Norman Scott had received and retained a number of sensitive and very private letters from his lover. Thorpe was terrified that Scott would use this correspondence to blackmail him and reveal to the world at large secrets of his personal life. When all attempts to retrieve the letters failed Jeremy Thorpe unbelievably decided his only real option was to arrange the execution of Scott. What follows is somewhat farcical; when the hired gunman shoots Norman Scott's dog and turns the weapon to his intended target the said gun jams leaving the hired executioner no option but to flee leaving in his wake a frightened and perplexed Scott.

 

The world of politics is often a murky arena where the privileged few appear to operate without any thought for the feelings of others and more importantly refusing to accept any accountability. Yet equally the morals we purport to hold today seem no better than the misguided assumptions of 60/70's London. We need look no further than the recent "Windrush" scandal where the home secretary Amber Rudd clearly lied when questioned by a select committee. The fact that the government then replaced the disgraced MP with an ethnically acceptable minister cannot escape the sour taste of duplicity.

 

"A very English Scandal" was certainly a very informative, witty and entertaining read. The trial that followed the bungled assassination attempt resulted in Jeremy Thorpe being acquitted but it marked the end of his political career. His government seat disappeared under the march of conservatism and the emergence of a new firebrand, the dictatorial  residency of one Margaret Thatcher. The novel also makes mention of Cyril Smith, one time heavyweight Liberal MP for Rochdale, and Jimmy Savile a well known TV personality. It is equally disheartening to realise that these repulsive individuals were able to carry out such vile acts of sexual abuse of the innocent never to be unmasked until after their deaths, even though there was overwhelming evidence. In the case of Cyril Smith the Greater Manchester Police, for their own reasons, choose not to bring Smith to justice in his lifetime and for that they should hang their heads in shame.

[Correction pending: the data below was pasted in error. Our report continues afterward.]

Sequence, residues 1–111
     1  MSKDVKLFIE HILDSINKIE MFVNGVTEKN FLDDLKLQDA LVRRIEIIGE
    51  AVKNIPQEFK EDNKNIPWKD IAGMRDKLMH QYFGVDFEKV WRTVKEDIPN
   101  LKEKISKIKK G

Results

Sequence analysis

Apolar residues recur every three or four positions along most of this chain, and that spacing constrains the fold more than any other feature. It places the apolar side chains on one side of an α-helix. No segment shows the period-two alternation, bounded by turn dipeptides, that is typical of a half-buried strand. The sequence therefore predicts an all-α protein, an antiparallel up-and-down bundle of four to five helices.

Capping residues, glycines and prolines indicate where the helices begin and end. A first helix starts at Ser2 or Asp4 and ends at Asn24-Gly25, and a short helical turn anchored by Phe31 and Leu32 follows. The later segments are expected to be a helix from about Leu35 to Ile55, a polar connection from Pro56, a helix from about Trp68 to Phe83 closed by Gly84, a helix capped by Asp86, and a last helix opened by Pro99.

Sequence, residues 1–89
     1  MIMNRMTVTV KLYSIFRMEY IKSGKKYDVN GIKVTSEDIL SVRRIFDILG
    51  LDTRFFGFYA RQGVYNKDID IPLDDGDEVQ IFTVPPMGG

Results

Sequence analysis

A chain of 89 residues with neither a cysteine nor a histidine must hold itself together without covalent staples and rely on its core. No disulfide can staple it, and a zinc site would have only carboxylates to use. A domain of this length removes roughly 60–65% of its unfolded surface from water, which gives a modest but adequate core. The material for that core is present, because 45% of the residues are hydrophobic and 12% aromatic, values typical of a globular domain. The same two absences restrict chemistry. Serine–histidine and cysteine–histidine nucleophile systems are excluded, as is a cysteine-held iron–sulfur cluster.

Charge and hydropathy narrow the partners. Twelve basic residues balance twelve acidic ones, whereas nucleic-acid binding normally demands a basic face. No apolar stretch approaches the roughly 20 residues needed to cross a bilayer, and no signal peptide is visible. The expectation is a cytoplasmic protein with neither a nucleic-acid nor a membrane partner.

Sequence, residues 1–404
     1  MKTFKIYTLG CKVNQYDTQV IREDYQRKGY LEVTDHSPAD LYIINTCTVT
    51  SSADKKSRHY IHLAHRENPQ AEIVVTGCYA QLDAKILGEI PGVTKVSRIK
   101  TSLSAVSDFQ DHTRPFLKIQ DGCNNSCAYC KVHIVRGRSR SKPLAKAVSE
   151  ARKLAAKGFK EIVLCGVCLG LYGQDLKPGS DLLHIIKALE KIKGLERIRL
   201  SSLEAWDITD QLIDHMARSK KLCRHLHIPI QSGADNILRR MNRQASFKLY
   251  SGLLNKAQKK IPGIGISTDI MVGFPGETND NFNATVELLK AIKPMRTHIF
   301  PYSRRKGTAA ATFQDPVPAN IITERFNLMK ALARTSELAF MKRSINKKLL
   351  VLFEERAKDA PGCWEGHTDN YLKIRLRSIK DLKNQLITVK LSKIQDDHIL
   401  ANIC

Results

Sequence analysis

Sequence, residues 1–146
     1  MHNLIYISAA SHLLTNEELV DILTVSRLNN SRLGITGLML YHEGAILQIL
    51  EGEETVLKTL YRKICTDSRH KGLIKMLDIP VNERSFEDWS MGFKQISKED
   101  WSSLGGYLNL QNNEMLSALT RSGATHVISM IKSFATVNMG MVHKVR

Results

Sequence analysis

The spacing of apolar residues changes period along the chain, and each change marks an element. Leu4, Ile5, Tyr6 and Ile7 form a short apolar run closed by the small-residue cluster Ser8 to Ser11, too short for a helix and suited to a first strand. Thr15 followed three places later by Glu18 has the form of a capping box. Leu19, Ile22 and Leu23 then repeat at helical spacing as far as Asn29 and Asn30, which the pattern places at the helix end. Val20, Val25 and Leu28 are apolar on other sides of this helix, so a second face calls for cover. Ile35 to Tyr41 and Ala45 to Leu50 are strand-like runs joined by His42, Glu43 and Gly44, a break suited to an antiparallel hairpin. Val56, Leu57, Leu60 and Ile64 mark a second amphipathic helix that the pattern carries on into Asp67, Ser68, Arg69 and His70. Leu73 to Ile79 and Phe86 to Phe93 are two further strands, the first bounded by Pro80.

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text 2017-07-05 01:22
Reading progress update: I've read 200 out of 340 pages.
A Very English Scandal: Sex, Lies and a Murder Plot at the Heart of the Establishment - John M. Preston

the review that put me onto this True Crime book and called it "unbelievable" was right on the money. it's hard to process that this sequence of events actually happened. and I'm not done yet.

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text 2017-07-04 14:40
Reading progress update: I've read 123 out of 340 pages.
A Very English Scandal: Sex, Lies and a Murder Plot at the Heart of the Establishment - John M. Preston

the whole thing becomes quite surreal once two British politicians start skulking around the shadows of the House of Commons discussing a murder. this must have been a big deal at the time, when the story finally hit the public consciousness; I haven't got that far yet in the proceedings, though. it's a stupefying bit of notorious history. Thorpe has turned into quite a piece of work.